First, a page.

Theo explains why she does not seek help for herself or her mother, saying that if she did, "the Tenpennys [wouldn't be] the Tenpennys anymore.  It would just be the name on the door of a house I used to live in.  Before I went to foster care.  And then I would be really, truly, entirely alone."  That's understandable, but it sends readers the wrong message. 

The mother's condition is so serious as to bring her to the forefront of the book, rather than eliminating her as a plot point.  Moreover, the book treats mental illness too lightly, and ignores the burdens - fiscal, physical, and emotional - that such illness puts on the relatives of the sick individual.  The author either missed an opportunity to address mental illness or should have found another way of getting rid of Theo's mother.

In contrast, Theo's friend's parents are disposed of by being wealthy movie stars, too busy, too preoccupied, and too famous to take care of her, and she is taken care of by a full staff instead.  That, to me, is a preferable method of disposing of parents!

What do you think about the ways parents or parental figures are disposed of in children's books? Can you think of a children's book that deals with mental illness?

Wednesday, April 9, 2014

Braids in the Inkwell

A boy in my daughter's class is tormenting her.  He's not a bad kid, but he likes her and, of course, he doesn't know how to express it other than by teasing her.

In order to comfort her I resorted, of course, to books.  Unbeknownst to her,I have been saving a beautiful illustrated edition (to which I cannot find a link) of Anne of Green Gables (which she hasn't read yet) to give to her for her 9th birthday, so without mentioning the name of the book, I told her how, when Gilbert teased Anne, she broke her slate over his head.  I then offered to buy her a slate.  [Note to this boy's parents: I do not actually condone my daughter breaking a slate over your son's head.]  Laughter ensued.  Mission accomplished, at least in part.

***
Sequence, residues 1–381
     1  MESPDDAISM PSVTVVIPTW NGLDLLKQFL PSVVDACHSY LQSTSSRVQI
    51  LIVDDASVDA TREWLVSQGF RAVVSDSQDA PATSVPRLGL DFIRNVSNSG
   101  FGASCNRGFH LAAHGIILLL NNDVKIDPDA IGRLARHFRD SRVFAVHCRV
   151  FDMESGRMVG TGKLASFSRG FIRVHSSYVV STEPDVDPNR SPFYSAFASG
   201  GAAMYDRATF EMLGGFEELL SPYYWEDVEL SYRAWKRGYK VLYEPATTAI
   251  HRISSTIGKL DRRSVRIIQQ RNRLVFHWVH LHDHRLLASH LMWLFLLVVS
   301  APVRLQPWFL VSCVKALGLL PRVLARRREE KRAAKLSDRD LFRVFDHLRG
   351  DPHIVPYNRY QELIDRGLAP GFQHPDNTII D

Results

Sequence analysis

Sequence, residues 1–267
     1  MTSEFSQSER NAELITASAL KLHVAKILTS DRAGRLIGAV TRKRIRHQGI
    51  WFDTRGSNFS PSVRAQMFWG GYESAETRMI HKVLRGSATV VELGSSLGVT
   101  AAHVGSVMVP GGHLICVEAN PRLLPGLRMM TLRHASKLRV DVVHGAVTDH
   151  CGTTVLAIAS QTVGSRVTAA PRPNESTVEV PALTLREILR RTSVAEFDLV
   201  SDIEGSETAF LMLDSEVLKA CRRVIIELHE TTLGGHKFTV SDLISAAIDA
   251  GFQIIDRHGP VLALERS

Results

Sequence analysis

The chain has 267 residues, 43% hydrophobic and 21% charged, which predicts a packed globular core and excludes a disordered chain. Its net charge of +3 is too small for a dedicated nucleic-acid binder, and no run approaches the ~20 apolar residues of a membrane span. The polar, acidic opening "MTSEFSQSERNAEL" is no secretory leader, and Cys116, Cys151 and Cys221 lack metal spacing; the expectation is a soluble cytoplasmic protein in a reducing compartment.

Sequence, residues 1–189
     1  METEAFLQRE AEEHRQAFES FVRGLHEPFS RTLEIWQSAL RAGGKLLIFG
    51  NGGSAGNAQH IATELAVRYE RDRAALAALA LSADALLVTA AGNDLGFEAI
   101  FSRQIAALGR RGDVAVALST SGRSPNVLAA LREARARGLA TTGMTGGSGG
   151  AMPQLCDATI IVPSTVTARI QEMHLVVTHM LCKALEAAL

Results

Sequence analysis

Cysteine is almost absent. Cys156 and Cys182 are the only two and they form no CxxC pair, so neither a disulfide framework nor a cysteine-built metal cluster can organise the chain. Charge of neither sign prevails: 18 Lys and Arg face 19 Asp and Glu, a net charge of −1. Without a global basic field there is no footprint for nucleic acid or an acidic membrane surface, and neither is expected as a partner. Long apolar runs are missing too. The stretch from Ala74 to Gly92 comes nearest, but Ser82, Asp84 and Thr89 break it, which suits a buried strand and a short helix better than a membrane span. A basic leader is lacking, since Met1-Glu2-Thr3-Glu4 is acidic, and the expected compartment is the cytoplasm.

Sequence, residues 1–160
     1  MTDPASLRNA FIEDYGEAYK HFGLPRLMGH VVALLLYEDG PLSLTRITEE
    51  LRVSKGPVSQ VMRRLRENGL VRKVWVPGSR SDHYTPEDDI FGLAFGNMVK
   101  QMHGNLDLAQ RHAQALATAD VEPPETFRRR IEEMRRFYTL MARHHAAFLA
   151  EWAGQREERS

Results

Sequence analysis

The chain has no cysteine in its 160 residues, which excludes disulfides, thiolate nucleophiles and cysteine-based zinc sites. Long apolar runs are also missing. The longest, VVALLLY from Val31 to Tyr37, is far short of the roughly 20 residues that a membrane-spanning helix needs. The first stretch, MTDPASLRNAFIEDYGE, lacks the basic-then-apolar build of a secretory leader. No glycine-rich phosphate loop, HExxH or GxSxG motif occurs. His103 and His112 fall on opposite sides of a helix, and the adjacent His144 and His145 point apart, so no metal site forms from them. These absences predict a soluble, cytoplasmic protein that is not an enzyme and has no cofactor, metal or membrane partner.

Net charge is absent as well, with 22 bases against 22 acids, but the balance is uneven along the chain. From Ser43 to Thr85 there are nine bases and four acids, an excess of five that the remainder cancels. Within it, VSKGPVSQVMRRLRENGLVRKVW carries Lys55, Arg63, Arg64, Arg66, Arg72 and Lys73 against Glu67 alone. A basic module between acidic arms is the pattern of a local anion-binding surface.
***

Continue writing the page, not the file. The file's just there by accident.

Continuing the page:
Monday, April 7, 2014

Taking All the Fun Out of It

My third-grade daughter normally has to keep a reading log (and you know how I feel about that!) as well as write 1-2 paragraphs per week about the books she is reading, which are due on Mondays.  But the last two weeks, she had to do neither, in order to lessen the workload on the days surrounding the NYS ELA tests (another topic about which I have a lot to say).  I've been sick with what was first the flu and then pneumonia (that, plus our move into a still-being-renovated apartment account for my online absence lately), and this weekend her sister and dad were sick too.  We couldn't entertain her much.  My husband was worried that she was bored.  But I knew better.

She was thrilled.  Thrilled to have time to read just for fun.  She read two books in their entirety and started another, and possibly finished another one in there.  I read to her.  She went to the library and checked out thirteen books (nowhere near her record of 27!), ranging from classics (Daddy-Long-Legs) to junk (every balanced diet - reading or otherwise - needs some junk).

She read and she read and she read.  And she was so happy.

Sure, there's something to be said for reading deeply and analyzing what you are reading.  But there's also a lot to be said for just reading for pleasure.  Reading to be taken out of yourself.  Reading to get absorbed in a story, in someone else's life, in the rhythm of the words.  And I know that even this type of reading has all sorts of educational benefits: my daughter's vocabulary astounds me.  She never opens a dictionary.  She has learned from context.  (That's why the best SAT prep is not vocab lists but reading.)  But even if reading for pleasure had no educational value, who cares?  There's nothing wrong with reading solely for pleasure.  That's right.  There's nothing wrong with reading solely for pleasure.

With high-stakes tests and new curricula and the Common Core, reading for pleasure has all but disappeared.  The teachers no longer have time to let the children read independently, just for fun.  They no longer have time to read aloud to the class books of their own choosing.  What a loss.

Yes, some learning is boring and repetitive, of necessity (think times tables).  But if you take the fun out of reading, children aren't going to want to read any more.  I hope my daughter always finds joy in reading.  And I hope she is granted the gift of time in which to do it.